Black Child to Black Woman just like the name indicates is basically all about the experiences of a girl while growing up. The main character who narrates the story is Tara. As I read her story, I started having nostalgic feelings because some of her experiences were closely related to mine. Tara’s personal experiences, albeit with an innocent and somewhat naïve candor mirrors the imperfections associated with lots of families today. Fathers not getting along with mothers as ideally as they should, or the void they leave behind when they focus all their energy to work while unwittingly neglecting the children or at best not giving them all the attention they need.
Tara revealed all that transpired in her life as she transited from childhood to being a teenager. A period of volatility and exuberance, she almost got drowned when a White boy pushed her into the deep section of swimming pool. Her relationship with a much older boy against her mother’s admonitions to keep her virginity until her wedding night, and she was just fourteen.
After her ninth grade, it was time to leave the Christian school for a public one to continue in her tenth grade, and life took a turn from an environment of decency and decorum to one of loose morals and debasement. However, Tara was able to pull through and later got into college. Now if the public school wasn’t anything to write home about in terms of morals, college was on a whole different level altogether. Tara was shocked at the extent of debauchery that took place in college. It appeared like decency had no place there.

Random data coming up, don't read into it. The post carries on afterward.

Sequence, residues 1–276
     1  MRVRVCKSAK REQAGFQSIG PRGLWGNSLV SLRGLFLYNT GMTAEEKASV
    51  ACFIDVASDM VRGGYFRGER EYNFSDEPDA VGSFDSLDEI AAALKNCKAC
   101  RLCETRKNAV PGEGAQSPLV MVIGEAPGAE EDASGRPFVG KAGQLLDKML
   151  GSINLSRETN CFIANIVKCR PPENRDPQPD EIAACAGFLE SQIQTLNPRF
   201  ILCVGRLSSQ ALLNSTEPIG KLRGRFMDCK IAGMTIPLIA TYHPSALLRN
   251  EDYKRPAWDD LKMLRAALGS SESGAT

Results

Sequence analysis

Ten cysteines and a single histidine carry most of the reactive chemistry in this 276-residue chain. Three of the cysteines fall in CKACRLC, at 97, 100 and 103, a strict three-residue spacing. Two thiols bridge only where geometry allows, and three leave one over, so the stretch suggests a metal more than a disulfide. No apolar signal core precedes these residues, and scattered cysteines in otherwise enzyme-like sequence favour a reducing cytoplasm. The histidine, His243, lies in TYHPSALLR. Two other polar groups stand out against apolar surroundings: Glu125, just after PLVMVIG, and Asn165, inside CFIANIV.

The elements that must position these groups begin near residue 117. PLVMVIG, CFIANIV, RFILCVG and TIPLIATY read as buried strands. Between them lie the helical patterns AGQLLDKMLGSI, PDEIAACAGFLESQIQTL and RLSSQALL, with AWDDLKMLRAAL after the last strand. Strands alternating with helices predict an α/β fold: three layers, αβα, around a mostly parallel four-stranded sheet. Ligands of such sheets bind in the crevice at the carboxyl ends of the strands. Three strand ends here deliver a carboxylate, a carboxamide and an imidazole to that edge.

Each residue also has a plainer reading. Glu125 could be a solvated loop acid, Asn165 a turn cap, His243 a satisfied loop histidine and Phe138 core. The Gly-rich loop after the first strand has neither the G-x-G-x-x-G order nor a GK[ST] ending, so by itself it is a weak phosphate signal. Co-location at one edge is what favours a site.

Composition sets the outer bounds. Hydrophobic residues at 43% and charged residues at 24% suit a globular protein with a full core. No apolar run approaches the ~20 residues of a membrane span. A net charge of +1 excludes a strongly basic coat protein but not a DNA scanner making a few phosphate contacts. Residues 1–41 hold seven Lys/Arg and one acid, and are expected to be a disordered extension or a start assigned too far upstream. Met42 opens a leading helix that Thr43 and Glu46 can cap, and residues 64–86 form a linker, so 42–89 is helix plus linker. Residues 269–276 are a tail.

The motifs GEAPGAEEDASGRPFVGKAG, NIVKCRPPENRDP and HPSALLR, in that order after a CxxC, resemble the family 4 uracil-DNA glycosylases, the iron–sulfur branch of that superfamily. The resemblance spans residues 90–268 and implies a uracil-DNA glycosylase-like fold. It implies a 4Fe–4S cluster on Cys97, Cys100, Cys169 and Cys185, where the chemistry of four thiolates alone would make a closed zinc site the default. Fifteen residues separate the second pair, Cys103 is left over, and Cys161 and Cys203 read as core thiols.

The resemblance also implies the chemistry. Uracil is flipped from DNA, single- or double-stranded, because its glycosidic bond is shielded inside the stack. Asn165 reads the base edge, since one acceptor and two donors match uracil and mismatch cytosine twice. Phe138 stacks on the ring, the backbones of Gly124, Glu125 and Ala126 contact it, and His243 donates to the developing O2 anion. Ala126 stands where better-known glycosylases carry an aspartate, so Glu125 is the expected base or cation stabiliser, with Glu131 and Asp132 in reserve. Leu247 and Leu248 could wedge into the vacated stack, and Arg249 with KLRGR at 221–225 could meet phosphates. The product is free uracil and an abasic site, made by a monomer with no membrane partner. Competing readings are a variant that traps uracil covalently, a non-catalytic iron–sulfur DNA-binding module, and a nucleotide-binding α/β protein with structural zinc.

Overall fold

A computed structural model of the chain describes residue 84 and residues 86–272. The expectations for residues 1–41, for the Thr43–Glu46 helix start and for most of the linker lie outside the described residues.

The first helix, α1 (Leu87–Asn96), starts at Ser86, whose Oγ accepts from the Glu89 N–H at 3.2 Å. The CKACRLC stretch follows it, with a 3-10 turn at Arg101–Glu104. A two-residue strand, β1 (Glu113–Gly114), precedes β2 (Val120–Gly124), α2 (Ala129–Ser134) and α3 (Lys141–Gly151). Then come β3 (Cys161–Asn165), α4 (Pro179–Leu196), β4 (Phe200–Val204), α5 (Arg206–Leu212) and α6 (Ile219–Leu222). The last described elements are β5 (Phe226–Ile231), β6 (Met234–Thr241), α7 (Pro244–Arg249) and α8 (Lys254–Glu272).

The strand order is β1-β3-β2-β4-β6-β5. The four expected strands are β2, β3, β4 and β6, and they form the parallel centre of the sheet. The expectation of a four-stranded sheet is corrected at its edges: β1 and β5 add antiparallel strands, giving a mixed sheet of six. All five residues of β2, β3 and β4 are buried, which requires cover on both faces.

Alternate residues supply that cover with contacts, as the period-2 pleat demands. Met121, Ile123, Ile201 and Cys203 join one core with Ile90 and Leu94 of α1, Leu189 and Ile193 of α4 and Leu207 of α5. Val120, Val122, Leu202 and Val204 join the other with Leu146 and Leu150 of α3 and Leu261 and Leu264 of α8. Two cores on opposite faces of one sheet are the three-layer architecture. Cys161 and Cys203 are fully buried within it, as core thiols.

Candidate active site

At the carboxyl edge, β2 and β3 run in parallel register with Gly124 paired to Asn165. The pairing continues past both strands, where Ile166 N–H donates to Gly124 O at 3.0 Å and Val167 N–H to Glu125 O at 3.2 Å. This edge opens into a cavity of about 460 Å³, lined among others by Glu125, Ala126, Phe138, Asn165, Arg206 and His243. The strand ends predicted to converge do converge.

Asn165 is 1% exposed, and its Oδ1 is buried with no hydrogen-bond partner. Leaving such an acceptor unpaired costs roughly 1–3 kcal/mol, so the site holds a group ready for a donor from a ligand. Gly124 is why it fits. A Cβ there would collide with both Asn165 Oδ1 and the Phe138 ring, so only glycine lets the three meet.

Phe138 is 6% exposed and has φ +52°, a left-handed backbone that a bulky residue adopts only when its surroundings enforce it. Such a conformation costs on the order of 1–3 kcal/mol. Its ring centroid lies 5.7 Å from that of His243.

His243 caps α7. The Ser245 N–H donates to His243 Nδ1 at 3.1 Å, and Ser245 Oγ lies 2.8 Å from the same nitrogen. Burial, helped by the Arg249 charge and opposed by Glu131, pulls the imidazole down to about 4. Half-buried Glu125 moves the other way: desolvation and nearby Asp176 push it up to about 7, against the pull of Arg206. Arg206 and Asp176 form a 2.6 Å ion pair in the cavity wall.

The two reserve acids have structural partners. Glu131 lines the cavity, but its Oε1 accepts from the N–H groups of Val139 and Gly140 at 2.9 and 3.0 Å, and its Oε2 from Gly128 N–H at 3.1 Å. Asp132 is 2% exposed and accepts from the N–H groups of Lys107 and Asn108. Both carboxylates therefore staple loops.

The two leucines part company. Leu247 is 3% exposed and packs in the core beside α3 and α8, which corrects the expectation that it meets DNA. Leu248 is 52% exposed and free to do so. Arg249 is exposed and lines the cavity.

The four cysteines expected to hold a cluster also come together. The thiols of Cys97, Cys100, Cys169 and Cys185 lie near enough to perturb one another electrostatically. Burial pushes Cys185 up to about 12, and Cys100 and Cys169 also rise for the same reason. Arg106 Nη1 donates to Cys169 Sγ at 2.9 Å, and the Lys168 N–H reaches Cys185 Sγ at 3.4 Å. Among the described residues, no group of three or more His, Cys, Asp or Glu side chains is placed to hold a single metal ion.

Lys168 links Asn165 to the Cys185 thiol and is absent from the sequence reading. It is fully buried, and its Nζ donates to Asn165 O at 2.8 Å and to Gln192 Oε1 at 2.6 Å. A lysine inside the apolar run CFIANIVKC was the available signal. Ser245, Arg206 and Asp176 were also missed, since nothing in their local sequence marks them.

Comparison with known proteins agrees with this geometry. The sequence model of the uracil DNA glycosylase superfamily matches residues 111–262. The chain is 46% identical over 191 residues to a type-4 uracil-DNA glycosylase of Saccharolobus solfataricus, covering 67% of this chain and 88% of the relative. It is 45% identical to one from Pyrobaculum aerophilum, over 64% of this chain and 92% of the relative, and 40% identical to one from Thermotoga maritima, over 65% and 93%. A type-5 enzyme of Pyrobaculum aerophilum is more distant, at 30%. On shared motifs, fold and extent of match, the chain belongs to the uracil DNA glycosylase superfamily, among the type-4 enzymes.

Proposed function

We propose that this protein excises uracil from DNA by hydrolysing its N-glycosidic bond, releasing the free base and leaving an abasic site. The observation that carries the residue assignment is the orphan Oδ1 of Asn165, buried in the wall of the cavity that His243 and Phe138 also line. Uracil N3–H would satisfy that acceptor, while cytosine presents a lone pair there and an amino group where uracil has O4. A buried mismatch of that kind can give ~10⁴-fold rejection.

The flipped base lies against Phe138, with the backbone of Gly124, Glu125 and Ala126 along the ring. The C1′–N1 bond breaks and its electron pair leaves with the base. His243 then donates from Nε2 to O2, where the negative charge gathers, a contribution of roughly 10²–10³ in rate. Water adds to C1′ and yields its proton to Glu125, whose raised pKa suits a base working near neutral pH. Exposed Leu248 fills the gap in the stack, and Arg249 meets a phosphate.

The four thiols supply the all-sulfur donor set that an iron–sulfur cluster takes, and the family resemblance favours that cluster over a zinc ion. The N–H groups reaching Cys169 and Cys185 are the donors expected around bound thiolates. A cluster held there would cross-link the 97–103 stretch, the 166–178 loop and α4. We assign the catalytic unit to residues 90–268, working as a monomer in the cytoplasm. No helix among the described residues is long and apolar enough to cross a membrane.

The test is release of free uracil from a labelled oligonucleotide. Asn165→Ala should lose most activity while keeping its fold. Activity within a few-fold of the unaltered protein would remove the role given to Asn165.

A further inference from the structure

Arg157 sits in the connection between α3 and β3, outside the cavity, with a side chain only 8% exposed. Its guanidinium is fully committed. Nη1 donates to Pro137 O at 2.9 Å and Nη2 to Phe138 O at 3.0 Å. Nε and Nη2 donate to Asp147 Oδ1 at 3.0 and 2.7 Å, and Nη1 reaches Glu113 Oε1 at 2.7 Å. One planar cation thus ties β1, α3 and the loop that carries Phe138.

The death of her brother, one she was close to, opened another chapter in her life. Enrique was a drug addict who got infected with the deadly AIDS virus.
Getting a job after school proved a lot more difficult than Tara assumed it would be, and dateline was middle to late nineties.
As she came of age, Tara had to struggle with a marriage that went awry.
Black Child to Black Woman is a classic narration of what life for a Black girl was and probably still is. The challenges and all she has to surmount as she struggles to climb the ladder and be a success against all odds.
My fears that Tara wasn’t going to experience a happy ending didn’t come to pass eventually, and I was happy for her.
The book is indeed interesting and equally emotional—a must read!
BIO: Cheryl Powell, (writing under pen name Cheryl Denise Bannerman), is a multi-genre author of four successful works of fiction, a motivational speaker, and CEO.